When Tony Abbott flies into Canberra at 6am on Monday after his four-nation foreign trek, he’ll confront a chilled national capital. Winter’s finally arrived in the ACT; apt perhaps, because as federal MPs return to parliament, the Budget continues to receive a frosty reception.
After visiting the killing fields of Normandy, meeting his political soul brother Canada’s Stephen Harper, a host of international leaders, and finally US President Barack Obama, the Prime Minister returns to rejoin the fight for his Budget.
Fresh off the plane, Mr Abbott faces a gruelling fortnight of parliamentary sittings. These are the final weeks of the current Senate, and a number of long-serving parliamentarians will say their goodbyes. Amid the touching testimonials and send-offs there will also be tough behind-the-scenes negotiations.
Skirmishes on (almost) all fronts
The PM desperately needs to chalk up some sizeable Budget victories as he tries to regain momentum after a tough few months. Not only has May’s fiscal statement been widely panned, but the Government has been weakened by a number of self-inflicted wounds.
And there is likely more to come. Conservative Liberal backbencher Cory Bernardi will address the National Press Club on July 17 and the firebrand Senator is likely to flag a range of measures he believes are necessary to reinstate public trust in the political class.
Senator Bernardi is a big fan of the American Tea Party movement and Britain’s UKIP. While he won’t resign from the Liberal Party, he is putting his colleagues on notice that he is deeply dissatisfied – and that his vote cannot be taken for granted.
It’s not just the crossbench that will take finessing in the ‘new’ post-July Senate.
Safe passage for levy
Still, there is one key budget measure – the 2 per cent ‘temporary deficit levy’ – that is almost certain to pass the Senate this week, giving the PM a much-needed win. The levy will apply to salaries over $180,000 and is scheduled to come into effect from July 1.
That will happen, but the fate of other key Budget reforms remain as uncertain as an Australian ski season.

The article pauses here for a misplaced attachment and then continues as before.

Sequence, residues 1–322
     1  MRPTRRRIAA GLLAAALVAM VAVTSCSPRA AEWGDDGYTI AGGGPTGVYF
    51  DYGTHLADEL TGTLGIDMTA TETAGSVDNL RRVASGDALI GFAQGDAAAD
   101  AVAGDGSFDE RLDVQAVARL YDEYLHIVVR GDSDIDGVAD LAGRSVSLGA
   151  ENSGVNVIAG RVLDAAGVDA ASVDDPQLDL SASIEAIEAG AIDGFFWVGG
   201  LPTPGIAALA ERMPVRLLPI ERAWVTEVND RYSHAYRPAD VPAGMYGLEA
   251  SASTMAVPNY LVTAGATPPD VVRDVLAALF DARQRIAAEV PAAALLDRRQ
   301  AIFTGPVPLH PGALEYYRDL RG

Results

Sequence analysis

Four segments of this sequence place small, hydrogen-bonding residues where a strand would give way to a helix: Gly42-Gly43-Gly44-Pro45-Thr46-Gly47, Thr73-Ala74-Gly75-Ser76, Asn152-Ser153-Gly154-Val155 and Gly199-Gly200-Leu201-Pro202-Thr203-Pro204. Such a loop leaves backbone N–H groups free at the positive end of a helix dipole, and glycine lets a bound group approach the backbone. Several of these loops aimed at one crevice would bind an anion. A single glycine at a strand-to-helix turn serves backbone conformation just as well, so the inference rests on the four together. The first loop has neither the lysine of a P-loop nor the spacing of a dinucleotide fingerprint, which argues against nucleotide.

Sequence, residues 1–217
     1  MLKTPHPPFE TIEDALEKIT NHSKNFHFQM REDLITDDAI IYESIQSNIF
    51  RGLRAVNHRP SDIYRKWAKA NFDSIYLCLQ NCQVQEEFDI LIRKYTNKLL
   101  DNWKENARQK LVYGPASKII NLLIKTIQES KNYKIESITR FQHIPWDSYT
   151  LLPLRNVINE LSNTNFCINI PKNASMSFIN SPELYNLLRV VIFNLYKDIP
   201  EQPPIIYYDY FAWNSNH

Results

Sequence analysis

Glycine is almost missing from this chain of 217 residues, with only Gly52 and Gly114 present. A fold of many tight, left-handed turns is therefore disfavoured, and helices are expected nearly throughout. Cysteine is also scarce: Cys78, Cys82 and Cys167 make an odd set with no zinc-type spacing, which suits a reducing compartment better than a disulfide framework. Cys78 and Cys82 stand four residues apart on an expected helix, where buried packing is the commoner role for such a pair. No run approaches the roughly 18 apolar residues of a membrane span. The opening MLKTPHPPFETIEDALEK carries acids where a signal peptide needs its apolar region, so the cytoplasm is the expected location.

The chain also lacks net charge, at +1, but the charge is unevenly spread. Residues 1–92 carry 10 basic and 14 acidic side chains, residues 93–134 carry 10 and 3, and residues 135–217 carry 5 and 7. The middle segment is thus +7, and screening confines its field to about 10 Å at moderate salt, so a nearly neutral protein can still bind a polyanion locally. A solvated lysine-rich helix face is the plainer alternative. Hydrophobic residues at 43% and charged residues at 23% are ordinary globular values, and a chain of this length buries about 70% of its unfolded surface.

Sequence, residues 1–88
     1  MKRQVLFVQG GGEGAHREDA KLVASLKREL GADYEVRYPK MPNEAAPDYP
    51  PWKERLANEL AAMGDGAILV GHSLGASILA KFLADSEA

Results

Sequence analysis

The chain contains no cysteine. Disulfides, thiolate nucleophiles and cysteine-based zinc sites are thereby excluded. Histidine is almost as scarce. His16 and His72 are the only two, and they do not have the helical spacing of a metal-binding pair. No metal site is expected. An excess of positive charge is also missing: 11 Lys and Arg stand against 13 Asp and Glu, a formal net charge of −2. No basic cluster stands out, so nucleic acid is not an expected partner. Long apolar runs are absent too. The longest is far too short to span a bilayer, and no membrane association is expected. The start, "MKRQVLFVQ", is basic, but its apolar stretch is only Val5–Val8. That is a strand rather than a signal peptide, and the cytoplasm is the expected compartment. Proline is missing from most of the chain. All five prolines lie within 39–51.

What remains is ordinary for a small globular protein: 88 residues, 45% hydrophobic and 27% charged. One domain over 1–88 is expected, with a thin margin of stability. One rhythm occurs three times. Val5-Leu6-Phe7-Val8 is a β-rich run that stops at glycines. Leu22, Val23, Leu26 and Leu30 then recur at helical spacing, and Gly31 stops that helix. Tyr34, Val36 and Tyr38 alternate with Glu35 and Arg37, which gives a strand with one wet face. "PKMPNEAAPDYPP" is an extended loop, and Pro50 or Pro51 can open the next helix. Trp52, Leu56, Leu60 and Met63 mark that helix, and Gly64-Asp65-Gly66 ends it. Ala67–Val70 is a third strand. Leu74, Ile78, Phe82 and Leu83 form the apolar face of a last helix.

As The New Daily has previously reported, a raft of budget reforms hang in the balance, with the Labor Opposition, the Greens and cross-bench senators unwilling to give their support. For the time being, at least.
Unless Mr Abbott can conjure up some magic, reforms to welfare payments, plans to lift the retirement age, and deregulation of the nation’s universities will struggle to get through.
The Greens have offered ‘in principle’ backing for the move to reinstate fuel indexation, but the environmental party wants some of the $2.4 billion in additional revenue to be invested in public transport – not ‘hypothecated’ for spending on highways and arterial roads.
Paid parental leave to suffer Labor pains?
Then there’s the PM’s signature reform, the paid parental leave scheme, which is about as popular as radio broadcaster Alan Jones at a fundraiser for Labor MPs.
Most of Mr Abbott’s senior colleagues are privately critical of the scheme, which the PM is committed to introducing taking it to two elections.
And in the last week, the rumblings from within the Coalition have got louder, infuriating senior party figures who fret about the apparent breakdown of discipline.
The PM has already cut the amount a person can earn, from $75,000 to $50,000, as he offered the first signs of compromise. He can’t afford to dump the scheme, much as many of his colleagues would like him to.
Mr Abbott would lose enormous political capital, just as Kevin Rudd never recovered politically after he panicked and dumped his emissions trading scheme in 2010.
Based on informal discussions with key cross-bench and Coalition senators, though, it’s hard to see how the PM’s preferred scheme will pass without significant further modification.
Nationals’ Senator John Williams, one of a handful of Government figures prepared to publicly criticise the PPL, has suggested the PM simply embrace Labor’s current scheme, albeit offering a more generous payment.
That model would have a much better chance of winning parliamentary approval, but Mr Abbott will be very loathe to junk his signature policy.
These are tough times for the Government and the prospect of an uncooperative and surly Senate from July 1, effectively ‘controlled’ by Clive Palmer and his band of crossbenchers is hardly likely to lift the spirits of the PM as he returns to Canberra. Frosty temperatures, and all.
Steve Lewis has 22 years experience in reporting Canberra politics, and is a senior adviser with Newgate Communications. He is also the co-author of the best-selling political novel, The Marmalade Files, and the forthcoming The Mandarin Code.